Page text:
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Guards! Guards!: The Graphic Novel

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The City Watch, one of Pratchett's finest creations, rendered - well maybe not Technicolor - but certainly as never seen before. The City Watch, one of Pratchett's finest creations, rendered - well maybe not Technicolor - but certainly as never seen before.


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The City Watch, one of Pratchett's finest creations, rendered - well maybe not Technicolor - but certainly as never seen before. The City Watch, one of Pratchett's finest creations, rendered - well maybe not Technicolor - but certainly as never seen before.

30 review for Guards! Guards!: The Graphic Novel

  1. 4 out of 5

    Joey Woolfardis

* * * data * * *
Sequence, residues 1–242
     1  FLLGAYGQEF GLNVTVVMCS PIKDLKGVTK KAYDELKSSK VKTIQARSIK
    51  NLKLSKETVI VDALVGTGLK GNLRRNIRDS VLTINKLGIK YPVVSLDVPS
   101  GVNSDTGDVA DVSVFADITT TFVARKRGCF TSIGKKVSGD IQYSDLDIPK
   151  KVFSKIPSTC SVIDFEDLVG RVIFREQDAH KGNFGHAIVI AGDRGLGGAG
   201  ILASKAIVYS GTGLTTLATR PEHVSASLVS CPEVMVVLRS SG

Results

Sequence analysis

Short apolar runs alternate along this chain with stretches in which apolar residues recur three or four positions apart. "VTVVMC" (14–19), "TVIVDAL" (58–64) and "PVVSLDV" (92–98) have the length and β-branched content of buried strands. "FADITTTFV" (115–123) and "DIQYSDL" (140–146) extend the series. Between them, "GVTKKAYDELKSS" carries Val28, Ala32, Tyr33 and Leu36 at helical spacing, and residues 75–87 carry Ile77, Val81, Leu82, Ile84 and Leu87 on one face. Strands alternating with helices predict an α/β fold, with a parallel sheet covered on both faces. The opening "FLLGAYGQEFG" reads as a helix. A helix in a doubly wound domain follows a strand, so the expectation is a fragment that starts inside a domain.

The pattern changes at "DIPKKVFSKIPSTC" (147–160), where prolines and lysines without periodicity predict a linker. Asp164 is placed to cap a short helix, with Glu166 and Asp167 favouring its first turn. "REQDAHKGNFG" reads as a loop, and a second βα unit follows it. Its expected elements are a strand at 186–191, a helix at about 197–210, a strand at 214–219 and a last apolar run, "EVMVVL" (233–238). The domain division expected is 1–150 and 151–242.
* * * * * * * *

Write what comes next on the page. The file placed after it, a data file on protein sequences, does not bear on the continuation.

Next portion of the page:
A couple of things before we start. I have only read four comic books (or graphic novels? I swear I don't know the difference, I am not taking the piss) before and those were sexist and pointless. I am not a comic book person, but I love illustrated editions of books. Same thing, right? Nope. And secondly, I love Terry Pratchett and will read anything with his name on it, even those terrible sci-fi books he wrote with that other dude. So, with my pathetic knowledge and experience of comicbookgraphi A couple of things before we start. I have only read four comic books (or graphic novels? I swear I don't know the difference, I am not taking the piss) before and those were sexist and pointless. I am not a comic book person, but I love illustrated editions of books. Same thing, right? Nope. And secondly, I love Terry Pratchett and will read anything with his name on it, even those terrible sci-fi books he wrote with that other dude. So, with my pathetic knowledge and experience of comicbookgraphicnovels and my superb knowledge and great experience of Terry Pratchett, let's get started. Everything that Terry is great at can't really be translated in to pictures. His stories are top notch but they're never excellent, brilliant, superbly thought-out or anything much different to what you get elsewhere. But the way he tells them is one of the most sublime things in the literary world. His words flow like silk over melting butter-or other such things that have little or no friction-and as a nice side-effect of this, the stories develop in a lovely way that has all that stuff we love in a good story, like excellent pace and all the words in the right place. What you rely on in a comicbookgraphicnovel is the dialogue. PTerry is good at dialogue, but he isn't brilliant. His characters have some wonderful one-liners and his characters' conversations definitely almost always pass the Bechdel Test, so yey. But this particular comicbookgraphicnovel didn't really have much except the wonderful one-liners, and one-liner after one-liner is just annoying. Like a comedian dying on stage who resorts to insulting the hecklers instead of observing. I did like the drawings. I thought Vimes was pretty spot on but I often found it hard to decide who was who. You have to figure that out for yourself. If I didn't know who Vimes was I probably still wouldn't know who he was having finished this. I definitely wouldn't like him (read: be madly in love with him and imagine him slightly younger and better looking in my head) after reading him in this. We get his thoughts but we just don't get his proper thoughts. Am I making any sense? I don't think I am. I just don't really get it. Really.